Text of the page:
Before we start there are a few important things to consider when preparing your injection. The water needs to be potable, so very low microbial levels and it shouldn’t be “hard” water. The best way to do this is to buy distilled water from the grocery store or you can let your water sit out overnight in a cooler to allow any chlorine to gas out or evaporate.
We recommend doing an 8 point injection, with 4 injection points on each half of the turkey. Start with the turkey lying flat on a counter or cutting board and on its back with the bottom facing you. Your first injection will be in the middle of the breast and angled down towards the top of the turkey (repeat this injection on the other breast). Injection number 2 will be parallel to the counter, through the middle of the breast, towards the top of the turkey (repeat on both sides of the turkey breast). The third and fourth injection points will be into the drumstick and leg and then inject into the thigh muscle (again repeat to inject both halves of the turkey). That gives us 4 injection points on each side of the turkey, for 8 total injection points. Since this Turkey was 15 lbs we want it to weigh at least 18 lb after injecting, thus hitting our 20% pump goal.
Now we are going to let this sit in a fridge overnight to let the injection disperse as evenly as possible and to get the most flavorful turkey possible however if you don’t have the time to hold it overnight you can go right to the oven or smoker at this point.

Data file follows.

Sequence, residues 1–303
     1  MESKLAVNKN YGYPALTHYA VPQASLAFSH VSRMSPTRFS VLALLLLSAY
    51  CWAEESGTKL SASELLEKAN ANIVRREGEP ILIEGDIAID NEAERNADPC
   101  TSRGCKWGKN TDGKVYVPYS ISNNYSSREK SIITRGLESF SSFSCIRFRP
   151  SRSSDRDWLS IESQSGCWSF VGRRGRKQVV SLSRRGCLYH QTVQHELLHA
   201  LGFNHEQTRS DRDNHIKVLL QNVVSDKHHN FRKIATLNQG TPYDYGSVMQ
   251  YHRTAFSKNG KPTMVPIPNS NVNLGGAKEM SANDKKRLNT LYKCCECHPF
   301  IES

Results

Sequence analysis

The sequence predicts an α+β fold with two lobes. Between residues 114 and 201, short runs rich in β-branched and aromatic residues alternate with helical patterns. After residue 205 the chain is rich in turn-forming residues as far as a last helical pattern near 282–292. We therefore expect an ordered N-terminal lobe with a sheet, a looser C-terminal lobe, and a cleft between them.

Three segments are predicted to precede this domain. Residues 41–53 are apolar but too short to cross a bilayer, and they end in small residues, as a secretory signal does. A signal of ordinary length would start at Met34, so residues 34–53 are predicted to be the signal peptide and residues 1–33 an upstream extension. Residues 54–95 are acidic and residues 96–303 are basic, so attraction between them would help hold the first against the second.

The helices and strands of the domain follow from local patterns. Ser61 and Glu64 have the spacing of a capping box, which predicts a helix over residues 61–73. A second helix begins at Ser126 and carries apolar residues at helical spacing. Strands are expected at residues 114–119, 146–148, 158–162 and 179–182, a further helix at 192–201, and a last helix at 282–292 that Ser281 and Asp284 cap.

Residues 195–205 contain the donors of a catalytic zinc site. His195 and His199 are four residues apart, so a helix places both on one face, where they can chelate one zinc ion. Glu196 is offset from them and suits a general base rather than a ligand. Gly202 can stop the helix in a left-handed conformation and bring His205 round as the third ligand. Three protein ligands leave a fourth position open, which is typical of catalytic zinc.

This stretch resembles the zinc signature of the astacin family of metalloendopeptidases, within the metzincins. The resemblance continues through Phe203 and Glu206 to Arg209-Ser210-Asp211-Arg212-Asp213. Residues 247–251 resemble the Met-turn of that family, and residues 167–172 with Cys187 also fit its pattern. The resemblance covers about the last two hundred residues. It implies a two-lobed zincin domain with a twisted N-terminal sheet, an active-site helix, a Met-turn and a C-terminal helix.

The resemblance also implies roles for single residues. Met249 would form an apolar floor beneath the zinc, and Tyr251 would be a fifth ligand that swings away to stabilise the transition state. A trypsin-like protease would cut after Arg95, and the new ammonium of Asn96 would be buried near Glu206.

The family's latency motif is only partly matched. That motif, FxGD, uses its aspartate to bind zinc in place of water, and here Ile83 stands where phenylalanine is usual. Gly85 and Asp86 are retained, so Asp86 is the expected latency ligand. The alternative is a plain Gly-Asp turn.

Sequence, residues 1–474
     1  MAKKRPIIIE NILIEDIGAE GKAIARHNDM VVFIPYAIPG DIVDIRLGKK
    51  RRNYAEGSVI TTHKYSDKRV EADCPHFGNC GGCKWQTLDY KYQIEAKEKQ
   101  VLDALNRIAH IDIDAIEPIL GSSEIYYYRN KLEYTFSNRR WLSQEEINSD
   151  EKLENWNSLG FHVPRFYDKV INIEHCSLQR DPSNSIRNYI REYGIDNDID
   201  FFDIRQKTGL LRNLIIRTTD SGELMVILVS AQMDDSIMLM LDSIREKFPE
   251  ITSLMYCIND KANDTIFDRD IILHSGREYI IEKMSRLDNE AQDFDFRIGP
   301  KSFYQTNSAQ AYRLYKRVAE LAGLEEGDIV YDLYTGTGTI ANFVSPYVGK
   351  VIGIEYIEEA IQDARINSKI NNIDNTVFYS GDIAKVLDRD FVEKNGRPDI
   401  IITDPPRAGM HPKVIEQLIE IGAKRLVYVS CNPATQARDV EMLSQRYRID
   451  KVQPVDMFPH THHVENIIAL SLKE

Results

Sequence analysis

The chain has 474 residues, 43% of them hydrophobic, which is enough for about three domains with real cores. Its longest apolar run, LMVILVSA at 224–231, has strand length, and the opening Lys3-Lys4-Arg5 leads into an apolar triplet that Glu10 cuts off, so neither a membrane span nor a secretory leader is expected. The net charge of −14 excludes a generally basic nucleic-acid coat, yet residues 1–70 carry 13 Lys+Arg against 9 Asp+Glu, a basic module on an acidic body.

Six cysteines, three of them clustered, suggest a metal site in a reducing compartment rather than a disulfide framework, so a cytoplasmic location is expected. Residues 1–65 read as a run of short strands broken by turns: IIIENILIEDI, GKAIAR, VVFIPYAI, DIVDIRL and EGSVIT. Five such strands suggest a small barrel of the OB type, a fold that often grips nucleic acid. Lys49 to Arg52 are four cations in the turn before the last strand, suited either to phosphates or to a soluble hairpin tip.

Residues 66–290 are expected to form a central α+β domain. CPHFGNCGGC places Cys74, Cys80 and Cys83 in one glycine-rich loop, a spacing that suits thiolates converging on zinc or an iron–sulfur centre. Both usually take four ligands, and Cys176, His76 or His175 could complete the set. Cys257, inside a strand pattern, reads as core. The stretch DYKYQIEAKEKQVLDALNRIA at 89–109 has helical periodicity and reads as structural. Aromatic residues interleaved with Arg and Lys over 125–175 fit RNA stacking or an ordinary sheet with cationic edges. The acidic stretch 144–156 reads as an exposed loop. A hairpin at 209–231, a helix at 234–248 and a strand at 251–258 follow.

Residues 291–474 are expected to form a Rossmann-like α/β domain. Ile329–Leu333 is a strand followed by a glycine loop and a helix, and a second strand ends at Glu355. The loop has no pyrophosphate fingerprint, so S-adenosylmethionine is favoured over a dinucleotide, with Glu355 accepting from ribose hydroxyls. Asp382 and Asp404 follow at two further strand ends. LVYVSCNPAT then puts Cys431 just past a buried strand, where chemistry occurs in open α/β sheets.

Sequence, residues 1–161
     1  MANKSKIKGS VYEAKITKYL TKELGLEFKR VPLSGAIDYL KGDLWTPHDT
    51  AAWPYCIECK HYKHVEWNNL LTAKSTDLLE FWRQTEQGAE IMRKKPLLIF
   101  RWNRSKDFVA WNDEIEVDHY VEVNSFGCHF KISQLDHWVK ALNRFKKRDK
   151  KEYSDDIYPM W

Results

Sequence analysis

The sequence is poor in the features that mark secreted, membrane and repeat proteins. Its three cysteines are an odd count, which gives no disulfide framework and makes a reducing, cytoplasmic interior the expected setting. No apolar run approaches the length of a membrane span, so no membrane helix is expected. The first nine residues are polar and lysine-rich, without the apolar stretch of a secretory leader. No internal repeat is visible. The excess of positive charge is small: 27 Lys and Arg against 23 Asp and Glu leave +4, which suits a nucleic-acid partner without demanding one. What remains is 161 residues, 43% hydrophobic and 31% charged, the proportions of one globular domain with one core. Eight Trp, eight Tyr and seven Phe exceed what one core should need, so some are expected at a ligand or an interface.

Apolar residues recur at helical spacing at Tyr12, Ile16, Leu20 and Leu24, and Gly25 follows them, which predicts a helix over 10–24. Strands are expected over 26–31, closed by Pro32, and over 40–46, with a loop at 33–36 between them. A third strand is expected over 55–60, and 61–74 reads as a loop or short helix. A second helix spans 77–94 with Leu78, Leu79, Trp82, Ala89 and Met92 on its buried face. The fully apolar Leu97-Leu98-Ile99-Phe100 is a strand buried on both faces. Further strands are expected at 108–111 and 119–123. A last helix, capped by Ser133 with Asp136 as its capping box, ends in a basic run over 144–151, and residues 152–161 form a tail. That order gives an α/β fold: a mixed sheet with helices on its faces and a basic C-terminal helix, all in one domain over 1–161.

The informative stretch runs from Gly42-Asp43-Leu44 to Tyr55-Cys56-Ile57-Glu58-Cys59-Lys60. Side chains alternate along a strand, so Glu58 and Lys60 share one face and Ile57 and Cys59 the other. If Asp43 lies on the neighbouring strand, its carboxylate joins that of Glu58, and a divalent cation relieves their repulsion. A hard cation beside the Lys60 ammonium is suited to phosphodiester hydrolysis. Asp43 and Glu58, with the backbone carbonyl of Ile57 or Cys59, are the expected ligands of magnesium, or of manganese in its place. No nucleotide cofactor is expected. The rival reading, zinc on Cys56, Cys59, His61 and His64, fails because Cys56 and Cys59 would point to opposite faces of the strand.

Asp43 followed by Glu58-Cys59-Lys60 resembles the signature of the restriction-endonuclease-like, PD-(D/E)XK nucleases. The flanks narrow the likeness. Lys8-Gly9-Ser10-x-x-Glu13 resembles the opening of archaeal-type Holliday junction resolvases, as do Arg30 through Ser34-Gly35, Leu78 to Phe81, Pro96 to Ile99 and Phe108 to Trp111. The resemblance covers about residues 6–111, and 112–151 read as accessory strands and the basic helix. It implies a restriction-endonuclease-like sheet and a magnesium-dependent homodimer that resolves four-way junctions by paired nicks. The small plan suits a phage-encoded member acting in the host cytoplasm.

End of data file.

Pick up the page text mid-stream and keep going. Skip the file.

Now that our Turkey has been injected and marinated we are going to add some extra flavor by rubbing it with Rosemary Basil and Thyme Rub all over the outside. This should give it a nice fresh herb taste to go along with the injected seasoning.
Most Turkeys still come with a pop-up timer, our best advice is to ignore this thing completely, it has ruined more Thanksgiving dinners than drunken relatives. You want to use an actual digital thermometer to check the temperature of the Turkey.
Thermal Processing & Smoking
Stage 1 - 120° F for 30 minutes
Stage 2 - 135° F for 2.5 hours
Stage 3 - 160° F for 30 minutes
Stage 3 - 190° F until internal meat temp of 165°
Injecting and then smoking your Turkey at home is a simple and easy way to make sure you have a great tasting and looking turkey! The only thing you really need to do this is an injector, though the marinating buckets, Stark Marinating Liners, and a smoker make it easier and give you a better-finished product.